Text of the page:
Lina Bryans was born in Europe but her parents were Australian. Bryans was a Hallenstein whose family had made their money from a successful tannery and leather business in Melbourne. Her maternal great-grandfather, Sir Benjamin Benjamin, had been Lord Mayor of Melbourne in the 1880s.
The family moved from St Kilda to South Yarra in the 1910s and Lina and her sister Margaret were one of the first students to enroll at the new St Catherine’s school in Toorak with the motto “Nothing great unless good”.
Lina’s art teacher was painter Walter Wither’s daughter Margery. So you can see Lina grew up among the arts. The Hellenstein family saw the world of music, painting, theatre as part of everyday life.
After living in Sydney for a while, she came back to Melbourne and did what good girls do – got married to local boy Baynham Bryans and had a baby. The marriage lasted three years. Lina Bryans then moved with her small son to a flat in South Yarra. A single mother in the 1930s.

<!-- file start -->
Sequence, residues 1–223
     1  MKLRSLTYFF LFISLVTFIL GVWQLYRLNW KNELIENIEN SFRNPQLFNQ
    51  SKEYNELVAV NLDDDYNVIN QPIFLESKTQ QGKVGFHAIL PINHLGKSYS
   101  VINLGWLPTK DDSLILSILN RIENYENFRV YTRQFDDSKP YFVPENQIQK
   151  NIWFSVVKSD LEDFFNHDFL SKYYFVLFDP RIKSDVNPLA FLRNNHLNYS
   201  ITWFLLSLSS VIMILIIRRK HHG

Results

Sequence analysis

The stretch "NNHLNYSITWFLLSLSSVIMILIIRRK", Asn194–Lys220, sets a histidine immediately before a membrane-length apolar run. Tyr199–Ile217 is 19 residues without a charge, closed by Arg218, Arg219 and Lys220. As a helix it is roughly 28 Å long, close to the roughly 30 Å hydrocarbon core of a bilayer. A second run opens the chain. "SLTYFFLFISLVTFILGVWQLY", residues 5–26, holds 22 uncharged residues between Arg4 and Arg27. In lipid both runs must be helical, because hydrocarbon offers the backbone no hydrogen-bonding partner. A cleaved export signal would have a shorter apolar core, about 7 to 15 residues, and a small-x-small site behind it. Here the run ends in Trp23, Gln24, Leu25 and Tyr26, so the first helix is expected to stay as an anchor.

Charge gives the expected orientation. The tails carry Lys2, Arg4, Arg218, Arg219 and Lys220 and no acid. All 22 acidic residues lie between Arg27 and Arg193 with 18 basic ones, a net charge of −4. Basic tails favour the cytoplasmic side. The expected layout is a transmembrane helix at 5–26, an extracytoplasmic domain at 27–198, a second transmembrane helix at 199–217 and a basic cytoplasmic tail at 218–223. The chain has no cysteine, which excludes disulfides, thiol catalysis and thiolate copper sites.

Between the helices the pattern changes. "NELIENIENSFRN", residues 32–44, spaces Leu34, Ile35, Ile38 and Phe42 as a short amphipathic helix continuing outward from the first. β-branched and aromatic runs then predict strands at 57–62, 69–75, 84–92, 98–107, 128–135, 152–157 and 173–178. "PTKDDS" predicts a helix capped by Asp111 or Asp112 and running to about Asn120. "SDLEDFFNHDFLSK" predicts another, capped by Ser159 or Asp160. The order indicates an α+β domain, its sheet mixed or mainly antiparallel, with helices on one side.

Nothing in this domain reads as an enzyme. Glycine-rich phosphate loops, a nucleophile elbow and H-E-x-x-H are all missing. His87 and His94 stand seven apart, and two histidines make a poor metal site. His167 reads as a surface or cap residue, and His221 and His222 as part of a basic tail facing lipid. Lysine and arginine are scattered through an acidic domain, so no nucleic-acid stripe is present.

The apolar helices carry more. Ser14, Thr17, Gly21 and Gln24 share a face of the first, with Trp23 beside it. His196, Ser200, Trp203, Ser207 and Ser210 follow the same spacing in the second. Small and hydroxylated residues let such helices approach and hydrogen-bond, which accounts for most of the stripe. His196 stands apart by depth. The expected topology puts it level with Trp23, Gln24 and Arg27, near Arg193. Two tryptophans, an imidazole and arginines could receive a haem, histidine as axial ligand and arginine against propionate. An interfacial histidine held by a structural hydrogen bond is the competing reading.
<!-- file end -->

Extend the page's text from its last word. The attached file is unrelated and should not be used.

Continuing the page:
Here she is on the steps of the Melbourne Library in 1937.
| Lina Bryans and her son Edward on the steps of the Melbourne Public Library, c1937 |
It was around this time that Bryans met the modernist painter and stain glass designer William (Jock) Frater.
This Frater portrait of Lina presents an elegant Bryans with her pale skin and red hat. A liberated woman with a direct gaze.
| William Frater, The Red Hat, 1937, oil on canvas, 91.2 x 71.2cm |
She moved into town and began painting with Frater. All very radical for the time.
Artist John Brack recalls his decision to become an artist came about when one day he saw the striking couple promenading down Collins Street.
Lina Bryans: Rare Modern 1909-2000, Gillian Forwood
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